Law #

Members’ Enquiries and Laws Committee Decisions

LC Clarification: The Oxford Dictionary of English defines `to measure’ as: `to ascertain the size, moot., or degree (of something) by using an instrument or device marked in standard units’. As mentioned above, law 23.3 describes measuring as “the use of equipment such as that described in law M, placed between the jack and bowls to decide which bowls aree shot”. hi a bowls context ‘measuring’ means deciding which bowl or bowls are nearer to the jack than any of the opponent’s bowls — there is no requirement to calculate the distance. between the jack and the bowls using imperial or metric units. Therefore, since `measuring’ when used in a bowls context does not mean using an imperial or metric unit to calculate a distance, it is technically `estimating’. The equipment described in law 54 is fixed in its length when used to compare the distance of one bowl from the jack with that of another. The phrase `such as’ in the law means that equipment other than that specifically listed in law 54 may be used (e.g. equipment approved by individual MNAs, such as trammels which are approved for use in some southern hemisphere countries). As ‘measuring’ in law 23.3 means deciding (not calculating) a distance and law 23.3 allows for equipment other than that specifically listed in law 54 to be used, the LC is of the view that the placing of any equipment or other fixed object between the jack and bowls to decide which bowls are shot would constitute ‘measuring’. The use of such equipment or objects during an end, therefore, would be in breach of . 23.3. Examples in addition to those described in law 54, include equipment used whilst playing the game (mats, scorecards, pens, cloths, bowls lifters and so on) and objects such as a player’s foot. Examples of equipment or objects which, when used during an end, would not be deemed to be in breach of km 23.3 include cross-fingers and devices comprising concentric circles within a transparent frame which are held approximately waist high, and equipment or objects (such as a player’s foot) placed alongside or parallel to (but not directly between) the jack and the bowls.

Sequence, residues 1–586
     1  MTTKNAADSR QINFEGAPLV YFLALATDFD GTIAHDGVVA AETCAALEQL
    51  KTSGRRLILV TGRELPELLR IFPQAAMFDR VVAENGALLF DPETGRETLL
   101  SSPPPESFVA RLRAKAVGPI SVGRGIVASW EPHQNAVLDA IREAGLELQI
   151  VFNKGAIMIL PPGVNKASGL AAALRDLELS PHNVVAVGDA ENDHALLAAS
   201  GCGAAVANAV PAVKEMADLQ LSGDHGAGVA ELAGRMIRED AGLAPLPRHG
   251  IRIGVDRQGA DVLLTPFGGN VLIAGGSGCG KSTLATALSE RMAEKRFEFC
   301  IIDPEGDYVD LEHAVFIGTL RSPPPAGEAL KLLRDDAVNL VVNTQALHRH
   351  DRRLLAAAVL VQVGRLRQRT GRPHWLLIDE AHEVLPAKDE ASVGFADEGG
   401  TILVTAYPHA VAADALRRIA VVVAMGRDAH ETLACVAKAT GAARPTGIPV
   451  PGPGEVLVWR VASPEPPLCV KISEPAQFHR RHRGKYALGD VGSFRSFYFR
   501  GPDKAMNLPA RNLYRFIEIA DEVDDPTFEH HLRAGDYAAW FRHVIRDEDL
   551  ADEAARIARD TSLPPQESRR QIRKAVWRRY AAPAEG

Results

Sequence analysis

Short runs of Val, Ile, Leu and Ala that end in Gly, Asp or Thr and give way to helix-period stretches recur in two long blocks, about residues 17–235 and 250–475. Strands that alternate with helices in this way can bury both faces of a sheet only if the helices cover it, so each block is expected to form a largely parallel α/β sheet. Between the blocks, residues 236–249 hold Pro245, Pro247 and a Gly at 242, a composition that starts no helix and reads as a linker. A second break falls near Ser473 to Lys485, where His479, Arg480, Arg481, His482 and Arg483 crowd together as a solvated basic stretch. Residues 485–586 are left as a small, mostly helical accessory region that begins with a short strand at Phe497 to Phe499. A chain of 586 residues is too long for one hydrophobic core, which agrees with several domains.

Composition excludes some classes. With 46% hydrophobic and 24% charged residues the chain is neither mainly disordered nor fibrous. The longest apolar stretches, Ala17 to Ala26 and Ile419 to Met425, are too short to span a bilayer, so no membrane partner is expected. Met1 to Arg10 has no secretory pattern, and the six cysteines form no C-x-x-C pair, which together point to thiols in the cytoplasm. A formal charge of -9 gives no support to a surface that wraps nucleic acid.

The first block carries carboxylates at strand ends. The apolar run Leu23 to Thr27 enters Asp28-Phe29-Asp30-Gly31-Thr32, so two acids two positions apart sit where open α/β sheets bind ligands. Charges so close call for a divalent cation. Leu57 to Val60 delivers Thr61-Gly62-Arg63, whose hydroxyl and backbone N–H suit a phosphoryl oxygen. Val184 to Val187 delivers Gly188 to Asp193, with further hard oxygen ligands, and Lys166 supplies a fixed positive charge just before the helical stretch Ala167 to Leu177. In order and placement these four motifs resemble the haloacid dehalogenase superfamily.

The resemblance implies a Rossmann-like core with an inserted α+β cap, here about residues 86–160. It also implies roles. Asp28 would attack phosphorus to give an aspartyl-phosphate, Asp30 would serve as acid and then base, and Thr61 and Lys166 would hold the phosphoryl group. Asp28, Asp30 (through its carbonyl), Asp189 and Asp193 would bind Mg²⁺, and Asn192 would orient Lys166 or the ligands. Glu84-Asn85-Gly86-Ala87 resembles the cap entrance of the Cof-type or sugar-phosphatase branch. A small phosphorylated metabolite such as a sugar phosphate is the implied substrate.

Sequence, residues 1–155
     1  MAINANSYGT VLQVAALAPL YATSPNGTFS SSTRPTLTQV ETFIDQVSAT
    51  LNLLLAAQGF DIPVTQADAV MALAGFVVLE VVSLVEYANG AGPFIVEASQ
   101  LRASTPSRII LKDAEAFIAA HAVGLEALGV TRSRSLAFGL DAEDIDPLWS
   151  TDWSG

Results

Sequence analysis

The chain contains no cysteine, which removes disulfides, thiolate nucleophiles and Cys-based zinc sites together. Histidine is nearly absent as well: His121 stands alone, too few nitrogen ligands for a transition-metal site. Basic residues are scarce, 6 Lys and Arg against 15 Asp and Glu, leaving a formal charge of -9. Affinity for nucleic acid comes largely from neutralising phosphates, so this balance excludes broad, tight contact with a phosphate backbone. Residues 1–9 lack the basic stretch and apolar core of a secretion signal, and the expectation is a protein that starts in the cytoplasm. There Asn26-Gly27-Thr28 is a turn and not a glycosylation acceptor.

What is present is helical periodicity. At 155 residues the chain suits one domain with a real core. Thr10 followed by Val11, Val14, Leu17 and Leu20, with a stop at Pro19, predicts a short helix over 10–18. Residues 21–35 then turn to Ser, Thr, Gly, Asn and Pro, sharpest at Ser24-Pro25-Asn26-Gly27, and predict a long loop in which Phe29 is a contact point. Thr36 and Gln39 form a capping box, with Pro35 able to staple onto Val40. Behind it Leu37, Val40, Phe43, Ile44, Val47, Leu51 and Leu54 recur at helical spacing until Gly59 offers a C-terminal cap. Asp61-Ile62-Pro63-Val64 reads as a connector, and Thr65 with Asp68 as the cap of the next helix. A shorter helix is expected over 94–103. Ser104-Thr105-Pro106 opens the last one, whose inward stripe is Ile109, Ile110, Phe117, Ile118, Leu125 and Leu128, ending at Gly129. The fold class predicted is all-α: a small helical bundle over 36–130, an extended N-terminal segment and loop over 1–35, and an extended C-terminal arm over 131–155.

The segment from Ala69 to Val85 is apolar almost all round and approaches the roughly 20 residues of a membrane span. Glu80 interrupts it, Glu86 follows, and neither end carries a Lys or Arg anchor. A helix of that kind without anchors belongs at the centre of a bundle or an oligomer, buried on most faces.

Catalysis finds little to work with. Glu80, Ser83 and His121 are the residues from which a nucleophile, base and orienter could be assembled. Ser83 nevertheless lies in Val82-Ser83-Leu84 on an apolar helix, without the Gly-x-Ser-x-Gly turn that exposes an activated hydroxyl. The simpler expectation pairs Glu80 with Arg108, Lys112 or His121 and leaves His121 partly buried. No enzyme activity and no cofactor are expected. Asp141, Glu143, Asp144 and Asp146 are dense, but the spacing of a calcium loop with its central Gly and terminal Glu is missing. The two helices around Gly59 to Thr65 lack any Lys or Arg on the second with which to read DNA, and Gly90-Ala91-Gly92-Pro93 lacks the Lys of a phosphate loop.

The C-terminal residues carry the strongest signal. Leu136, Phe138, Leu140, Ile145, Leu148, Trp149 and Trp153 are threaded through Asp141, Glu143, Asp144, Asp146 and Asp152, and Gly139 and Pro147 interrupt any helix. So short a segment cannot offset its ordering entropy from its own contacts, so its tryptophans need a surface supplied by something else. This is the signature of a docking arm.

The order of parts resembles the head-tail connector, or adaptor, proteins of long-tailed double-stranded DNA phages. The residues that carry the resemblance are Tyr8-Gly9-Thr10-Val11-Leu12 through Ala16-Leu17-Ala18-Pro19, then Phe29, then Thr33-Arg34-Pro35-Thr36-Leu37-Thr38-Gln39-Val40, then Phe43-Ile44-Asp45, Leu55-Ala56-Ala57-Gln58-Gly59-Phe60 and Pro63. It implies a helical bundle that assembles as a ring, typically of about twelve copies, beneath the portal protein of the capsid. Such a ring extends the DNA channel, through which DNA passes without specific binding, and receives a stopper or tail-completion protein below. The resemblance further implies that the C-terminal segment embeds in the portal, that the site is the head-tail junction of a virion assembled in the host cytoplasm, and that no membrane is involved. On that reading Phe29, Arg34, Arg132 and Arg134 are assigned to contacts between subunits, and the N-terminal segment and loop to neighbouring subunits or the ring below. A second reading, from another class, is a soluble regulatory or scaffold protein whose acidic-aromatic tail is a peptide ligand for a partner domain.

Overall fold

There are several reasons why this action is seen, a new bowler might have a tendency to bounce the bowl immediately as a result of the weight of the bowl while delivering.
Some bowlers have allowed this style of delivery to creep in because of age, overweight or adopting a lazy action.
    • Firing from the hip can be caused by the forward step being too quick, and the arm is still trying to catch up with the action. By slowing the forward step down the arm will be in sync with the body action and there should be no bounce.
    • If the bowl is released behind the leading foot instead of in front of the foot the bowl will be delivered into the surface.
    • If the delivery action is too high from the ground the tendency is to “dump” the bowl, by bending the back knee to lower the body this will bring the delivery arm closer to the surface and eliminate the dumping habit.
    • For people that can’t bend, imagine walking across the car park, there is a 100 euro note on the floor, walk towards it, bend down, pick it up, carry on walking without stopping, try it at home, no I haven’t got one.
Scroll to Top